Mining in Obří důl (Giant Valley) – Part 2

pohled na vstup do dolu v zasněžené krajině kde je cca 10 cm sněhu, lemovanou kamennou zdí do kamenného vstupního portálu s dveřmi nad portálem je zasněžený svah lemovaný kládami dřeva

Arsenic furnace

In the 17th century Jacob de Waggi built so called ”poisonous furnace” for processing of arsenic ore in Pec pod Sněžkou. Arsenic was in demand due to its use for wooden hull coating of large transatlantic ships. At that time, it was a coming peak of arsenic mining. In 1836 Ruffer of Wroclaw took charge of the arsenic company at its peak of arsenic mining in Obří důl (Giant Valley). Year production rose up to 50 tons of copper and 120 tons of arsenic. Since 1860s the mining was dwindling. Metal ores were scarce in depths and costs of mining were more expensive. The demand for arsenic continued to fall when the biggest customer Hamburg harbour started covering ship hulls with sheet metal.  In 1876 the furnace was put out and it has never been restored since then.

Mine raw materials

Polymetallic ores, especially sulphides such as pyrrhotite (FeS), arsenopyrite (FeAsS), and chalcopyrite (CuFeS2) were of the main interest of historical mining in Obří důl (Giant Valley). They are spatially dependent on each other and contain arsen and copper except from copper. There can be found also sphalerite (ZnS), pyrite (FeS2), galena (PbS), magnetite (Fe3O4) and in particular the low-level presence of stannite. (Cu2FeSn4). It is possible to find also pure bismuth and cassiterite. Regarding non-metallic minerals there are represented garnets such as andradite and grossular; quartz such as purplish fluorite and scheelite. The last-mentioned mineral brought Obří důl (Giant Valley) fame especially among collectors abroad. Scheelite is usually grey white or colourless. Under Sněžka it can be found a rare slightly orange variant.  Thanks to the fact that it contains wolfram during 1952-1959 geological survey of the area was carried out. At that time miners built a seven-kilometre-system of tunnels and shafts which partly followed old medieval mines. Wolfram used to use for production of the most effective anti-armour missiles.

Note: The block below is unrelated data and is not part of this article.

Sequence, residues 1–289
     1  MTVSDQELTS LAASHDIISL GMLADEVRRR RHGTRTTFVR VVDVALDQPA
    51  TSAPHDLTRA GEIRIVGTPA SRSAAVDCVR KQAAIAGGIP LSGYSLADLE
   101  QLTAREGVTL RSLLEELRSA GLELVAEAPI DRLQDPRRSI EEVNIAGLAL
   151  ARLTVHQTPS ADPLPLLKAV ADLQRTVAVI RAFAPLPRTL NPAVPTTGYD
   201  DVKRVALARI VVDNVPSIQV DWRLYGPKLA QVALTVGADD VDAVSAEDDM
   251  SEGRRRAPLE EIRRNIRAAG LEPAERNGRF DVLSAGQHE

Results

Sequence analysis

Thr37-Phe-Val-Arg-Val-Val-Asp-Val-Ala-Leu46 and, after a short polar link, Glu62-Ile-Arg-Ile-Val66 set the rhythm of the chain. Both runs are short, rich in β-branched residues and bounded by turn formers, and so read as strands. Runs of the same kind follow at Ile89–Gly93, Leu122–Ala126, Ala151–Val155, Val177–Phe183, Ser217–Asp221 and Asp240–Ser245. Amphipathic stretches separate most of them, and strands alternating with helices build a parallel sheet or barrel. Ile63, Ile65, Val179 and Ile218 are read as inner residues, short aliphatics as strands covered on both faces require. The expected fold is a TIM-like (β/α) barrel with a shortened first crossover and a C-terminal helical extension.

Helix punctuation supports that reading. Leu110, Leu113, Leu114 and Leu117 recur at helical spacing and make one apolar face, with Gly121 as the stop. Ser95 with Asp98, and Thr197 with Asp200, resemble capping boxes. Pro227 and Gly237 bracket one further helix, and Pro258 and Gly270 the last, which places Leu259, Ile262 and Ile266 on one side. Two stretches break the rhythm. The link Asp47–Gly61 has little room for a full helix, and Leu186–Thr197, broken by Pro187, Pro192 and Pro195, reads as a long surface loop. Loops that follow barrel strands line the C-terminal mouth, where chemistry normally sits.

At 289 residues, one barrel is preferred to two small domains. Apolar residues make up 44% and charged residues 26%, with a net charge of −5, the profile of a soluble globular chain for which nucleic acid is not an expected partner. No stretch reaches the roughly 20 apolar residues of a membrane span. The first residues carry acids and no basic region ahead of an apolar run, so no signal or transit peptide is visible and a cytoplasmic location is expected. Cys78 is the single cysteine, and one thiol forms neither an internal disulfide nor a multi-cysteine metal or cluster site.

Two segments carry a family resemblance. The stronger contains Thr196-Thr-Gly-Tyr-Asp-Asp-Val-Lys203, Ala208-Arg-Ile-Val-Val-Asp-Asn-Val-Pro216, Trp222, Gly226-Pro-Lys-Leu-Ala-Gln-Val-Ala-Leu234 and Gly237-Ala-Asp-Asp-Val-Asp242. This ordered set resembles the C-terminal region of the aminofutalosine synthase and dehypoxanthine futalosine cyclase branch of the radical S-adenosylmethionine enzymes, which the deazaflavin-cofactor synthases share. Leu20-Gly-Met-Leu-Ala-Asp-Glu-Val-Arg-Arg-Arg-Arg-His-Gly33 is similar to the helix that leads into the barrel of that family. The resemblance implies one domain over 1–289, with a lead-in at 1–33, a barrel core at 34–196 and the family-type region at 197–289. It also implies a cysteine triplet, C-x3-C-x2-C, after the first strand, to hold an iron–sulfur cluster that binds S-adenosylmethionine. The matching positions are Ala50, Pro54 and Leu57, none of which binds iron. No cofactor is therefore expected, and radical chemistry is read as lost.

Opening of the Kovárna Mine (Smithy Mine)

On July 23rd 1988 speleologists from Albeřice saw the interior of the Kovárna mine for the first time. They saw huge dug up areas, ancient mine equipment, beautiful rock patterns, and waste from the demolished hut Kovárna. Owing to roof stability in tunnels speleologists came with the idea to open a part of the mine to the public. It took five years to collect all necessary documents and permissions of people involved to open it. Among local inhabitants there were several rumours saying that Mining authority drove speleologists out of the mine or Administration of Krkonoše National Park banned from opening it. The last rumour accused miners alone of retaking the mine for themselves in order to sell minerals for huge amount of money on exchanges. The truth was completely different. The delay was caused by estate restitution where the entrance to Kovárna and Barbora mines was planned. It took a while to find out who owns the estate. Then, when it was solved, the contract could be concluded between speleologists and the District authority in Trutnov. All costs for opening the mine were covered by speleologists of Albeřice. It cost them 5 million CZK. In 2004 the mine could welcome its visitors for the first time. Demand for visiting the mine was huge so the speleologists decided to show the most beautiful parts of historical mine during an excursion. Complete opening of mine to the public took place in 2011. The former mine is opened only in summer and yet each year it is visited by thousands of tourists. Moreover, mine tours are fully booked way in advance.